35. ^ "Showie given permanent role | Sheffield FC". Archived from the original on 7 November 2017.
  36. ^ "Gav's the man at the helm". Sheffield F.C. Official Site. 14 May 2018. Archived from the original on 24 March 2019. Retrieved 4 June 2018.
  37. ^ "Ryan Cresswell appointed first team manager". Sheffield F.C. Official Site. 9 November 2021. Archived from the original on 11 November 2021. Retrieved 11 November 2021.[]
  38. ^ Sir John Charles Clegg Archived 14 December 2014 at the Wayback Machine
  39. ^ John Owen Archived 15 September 2018 at the Wayback Machine England Football Online
  40. ^ John Hudson Archived 11 June 2015 at the Wayback Machine
  41. ^ Walters, Fred (1957). The History of Sheffield Football Club.
  42. ^ Sheffield F.C.: celebrating 150 years of the world's first football club, pp.52–53
  43. ^ Lewis, Rhett (29 September 2021). "Sheffield FC: Are They The Oldest Football Club in the World?". History of Soccer. Archived from the original on 27 July 2022. Retrieved 27 July 2022.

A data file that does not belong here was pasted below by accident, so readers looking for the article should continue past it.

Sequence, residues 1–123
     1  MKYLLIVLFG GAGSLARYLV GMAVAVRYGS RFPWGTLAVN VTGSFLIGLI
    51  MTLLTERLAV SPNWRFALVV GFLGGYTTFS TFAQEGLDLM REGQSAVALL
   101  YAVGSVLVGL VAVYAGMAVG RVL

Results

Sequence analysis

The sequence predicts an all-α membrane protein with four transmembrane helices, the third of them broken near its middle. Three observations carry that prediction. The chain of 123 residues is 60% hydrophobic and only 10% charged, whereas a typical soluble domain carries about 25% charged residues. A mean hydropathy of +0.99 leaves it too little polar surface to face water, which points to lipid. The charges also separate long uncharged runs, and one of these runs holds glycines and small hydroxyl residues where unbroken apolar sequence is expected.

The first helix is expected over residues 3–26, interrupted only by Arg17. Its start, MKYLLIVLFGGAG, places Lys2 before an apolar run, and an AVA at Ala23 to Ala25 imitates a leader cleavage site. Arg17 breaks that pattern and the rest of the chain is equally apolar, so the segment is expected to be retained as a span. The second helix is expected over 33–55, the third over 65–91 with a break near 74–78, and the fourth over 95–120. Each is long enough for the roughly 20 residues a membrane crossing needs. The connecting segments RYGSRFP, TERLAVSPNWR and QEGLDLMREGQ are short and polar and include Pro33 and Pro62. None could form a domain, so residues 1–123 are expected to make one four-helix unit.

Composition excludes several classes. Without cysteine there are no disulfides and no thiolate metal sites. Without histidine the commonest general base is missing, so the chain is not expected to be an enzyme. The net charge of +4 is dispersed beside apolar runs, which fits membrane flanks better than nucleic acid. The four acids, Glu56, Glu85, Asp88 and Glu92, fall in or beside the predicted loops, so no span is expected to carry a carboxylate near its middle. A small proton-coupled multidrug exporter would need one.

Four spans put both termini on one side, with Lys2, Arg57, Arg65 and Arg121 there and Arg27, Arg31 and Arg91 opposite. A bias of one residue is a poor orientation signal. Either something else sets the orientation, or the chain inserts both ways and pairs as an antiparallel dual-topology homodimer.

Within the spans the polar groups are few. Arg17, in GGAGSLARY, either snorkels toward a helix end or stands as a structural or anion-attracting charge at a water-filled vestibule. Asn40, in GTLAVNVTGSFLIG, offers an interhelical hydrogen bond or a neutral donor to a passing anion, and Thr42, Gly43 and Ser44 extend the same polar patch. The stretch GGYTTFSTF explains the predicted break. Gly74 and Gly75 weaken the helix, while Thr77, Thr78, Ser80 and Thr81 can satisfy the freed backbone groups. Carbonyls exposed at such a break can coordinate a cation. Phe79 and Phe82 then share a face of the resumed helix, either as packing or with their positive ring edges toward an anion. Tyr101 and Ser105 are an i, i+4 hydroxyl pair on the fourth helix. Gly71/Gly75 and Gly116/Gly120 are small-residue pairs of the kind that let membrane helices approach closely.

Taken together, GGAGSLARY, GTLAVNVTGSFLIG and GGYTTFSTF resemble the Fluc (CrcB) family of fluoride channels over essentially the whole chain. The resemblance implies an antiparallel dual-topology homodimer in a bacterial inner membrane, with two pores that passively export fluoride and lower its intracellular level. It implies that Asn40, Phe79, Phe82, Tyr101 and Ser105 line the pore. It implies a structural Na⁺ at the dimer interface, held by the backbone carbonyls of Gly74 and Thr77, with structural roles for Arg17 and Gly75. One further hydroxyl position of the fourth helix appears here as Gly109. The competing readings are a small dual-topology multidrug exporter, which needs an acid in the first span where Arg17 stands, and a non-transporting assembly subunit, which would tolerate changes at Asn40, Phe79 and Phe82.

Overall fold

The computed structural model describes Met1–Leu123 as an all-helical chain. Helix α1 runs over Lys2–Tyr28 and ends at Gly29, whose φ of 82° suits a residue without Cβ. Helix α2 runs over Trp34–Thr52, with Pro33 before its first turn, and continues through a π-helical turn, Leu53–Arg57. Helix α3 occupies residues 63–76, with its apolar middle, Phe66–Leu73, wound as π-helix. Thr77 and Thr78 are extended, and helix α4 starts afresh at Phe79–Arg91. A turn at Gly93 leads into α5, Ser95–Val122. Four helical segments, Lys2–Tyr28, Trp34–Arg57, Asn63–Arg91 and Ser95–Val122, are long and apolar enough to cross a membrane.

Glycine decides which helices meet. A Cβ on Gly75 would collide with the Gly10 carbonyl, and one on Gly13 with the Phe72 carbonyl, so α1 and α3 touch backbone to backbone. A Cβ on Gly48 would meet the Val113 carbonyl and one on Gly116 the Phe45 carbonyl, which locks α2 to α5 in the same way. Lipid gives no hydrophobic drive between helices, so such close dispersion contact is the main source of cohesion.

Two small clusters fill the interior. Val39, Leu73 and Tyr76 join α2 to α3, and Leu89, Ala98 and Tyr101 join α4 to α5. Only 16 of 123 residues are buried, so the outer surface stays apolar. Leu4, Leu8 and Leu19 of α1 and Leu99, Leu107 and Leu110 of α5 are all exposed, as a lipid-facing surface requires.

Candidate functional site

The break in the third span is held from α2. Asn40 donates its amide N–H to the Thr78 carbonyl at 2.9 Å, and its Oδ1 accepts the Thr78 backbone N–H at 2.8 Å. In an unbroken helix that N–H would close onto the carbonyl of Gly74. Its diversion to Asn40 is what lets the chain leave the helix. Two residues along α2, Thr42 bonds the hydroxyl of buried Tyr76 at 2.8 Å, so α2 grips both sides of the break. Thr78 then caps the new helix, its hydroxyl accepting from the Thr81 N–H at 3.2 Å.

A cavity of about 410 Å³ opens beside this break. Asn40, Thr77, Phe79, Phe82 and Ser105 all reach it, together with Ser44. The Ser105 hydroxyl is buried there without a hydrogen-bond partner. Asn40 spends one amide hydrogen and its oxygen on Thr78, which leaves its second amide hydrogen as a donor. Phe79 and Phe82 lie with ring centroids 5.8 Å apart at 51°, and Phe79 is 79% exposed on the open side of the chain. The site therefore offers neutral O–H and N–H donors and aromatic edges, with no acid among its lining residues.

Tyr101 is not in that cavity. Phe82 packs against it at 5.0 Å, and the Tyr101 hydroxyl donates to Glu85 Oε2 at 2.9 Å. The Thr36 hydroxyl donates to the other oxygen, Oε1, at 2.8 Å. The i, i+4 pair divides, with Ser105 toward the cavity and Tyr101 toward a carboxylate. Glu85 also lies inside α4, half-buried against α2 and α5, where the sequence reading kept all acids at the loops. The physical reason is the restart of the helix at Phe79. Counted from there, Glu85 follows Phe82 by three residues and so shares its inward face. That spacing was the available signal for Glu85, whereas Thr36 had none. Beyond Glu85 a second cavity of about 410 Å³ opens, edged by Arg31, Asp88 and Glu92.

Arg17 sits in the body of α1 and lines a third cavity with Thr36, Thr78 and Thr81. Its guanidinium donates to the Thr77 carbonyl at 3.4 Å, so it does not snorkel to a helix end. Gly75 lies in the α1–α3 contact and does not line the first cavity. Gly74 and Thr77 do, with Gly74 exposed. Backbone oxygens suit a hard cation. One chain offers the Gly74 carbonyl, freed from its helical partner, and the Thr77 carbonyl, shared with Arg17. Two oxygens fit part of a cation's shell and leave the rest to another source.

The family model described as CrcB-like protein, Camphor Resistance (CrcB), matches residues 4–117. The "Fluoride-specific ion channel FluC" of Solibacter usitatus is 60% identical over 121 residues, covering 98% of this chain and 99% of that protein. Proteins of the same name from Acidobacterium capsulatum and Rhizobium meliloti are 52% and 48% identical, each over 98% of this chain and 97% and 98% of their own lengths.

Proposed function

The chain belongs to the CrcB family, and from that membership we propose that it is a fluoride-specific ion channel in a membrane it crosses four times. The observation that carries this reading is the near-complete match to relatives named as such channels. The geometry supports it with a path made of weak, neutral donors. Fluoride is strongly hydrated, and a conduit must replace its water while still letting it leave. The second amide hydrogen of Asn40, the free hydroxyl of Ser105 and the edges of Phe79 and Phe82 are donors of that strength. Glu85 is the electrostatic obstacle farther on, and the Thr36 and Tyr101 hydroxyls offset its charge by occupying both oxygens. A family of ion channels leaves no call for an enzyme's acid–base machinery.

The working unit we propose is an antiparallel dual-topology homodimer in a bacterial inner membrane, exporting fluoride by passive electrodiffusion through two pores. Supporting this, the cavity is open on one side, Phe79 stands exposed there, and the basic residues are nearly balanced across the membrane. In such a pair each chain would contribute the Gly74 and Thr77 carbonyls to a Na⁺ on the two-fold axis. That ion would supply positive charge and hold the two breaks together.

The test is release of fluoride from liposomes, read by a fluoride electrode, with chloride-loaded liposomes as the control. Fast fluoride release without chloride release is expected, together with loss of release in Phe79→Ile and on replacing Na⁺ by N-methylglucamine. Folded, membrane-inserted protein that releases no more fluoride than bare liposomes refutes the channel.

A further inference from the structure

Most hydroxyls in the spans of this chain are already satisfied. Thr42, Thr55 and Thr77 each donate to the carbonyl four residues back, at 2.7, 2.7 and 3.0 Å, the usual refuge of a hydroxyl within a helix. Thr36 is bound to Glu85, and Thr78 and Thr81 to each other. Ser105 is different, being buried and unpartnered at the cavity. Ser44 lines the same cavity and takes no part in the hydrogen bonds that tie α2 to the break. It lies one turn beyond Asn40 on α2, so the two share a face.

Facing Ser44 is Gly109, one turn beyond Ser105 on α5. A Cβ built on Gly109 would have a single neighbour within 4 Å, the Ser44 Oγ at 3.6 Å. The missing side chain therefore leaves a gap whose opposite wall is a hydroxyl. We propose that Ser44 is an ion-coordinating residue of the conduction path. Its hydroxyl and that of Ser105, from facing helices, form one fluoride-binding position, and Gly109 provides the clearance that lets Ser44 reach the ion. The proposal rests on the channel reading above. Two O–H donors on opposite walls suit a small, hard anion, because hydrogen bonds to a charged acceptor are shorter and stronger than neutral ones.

44. ^ "Club buy first ground in 150 years". Sheffield F.C. Archived from the original on 16 July 2011.
  45. ^ "HOME OF FOOTBALL – STADIUM OF SHEFFIELD FC". Sheffield F.C. Archived from the original on 6 August 2020. Retrieved 19 August 2015.
  46. ^ "World's oldest football club Sheffield FC eyes new site for homecoming". Archived from the original on 7 November 2020. Retrieved 8 February 2020.
  47. ^ "Homecoming bid by football's founder". BBC News. 24 July 2015. Archived from the original on 30 August 2019. Retrieved 8 February 2020.
  48. ^ "First look at proposed new Sheffield FC stadium to finally mark the 'home of football'". Archived from the original on 1 March 2021. Retrieved 2 March 2021.

External links edit

53°19′N 1°29′W / 53.31°N 1.48°W / 53.31; -1.48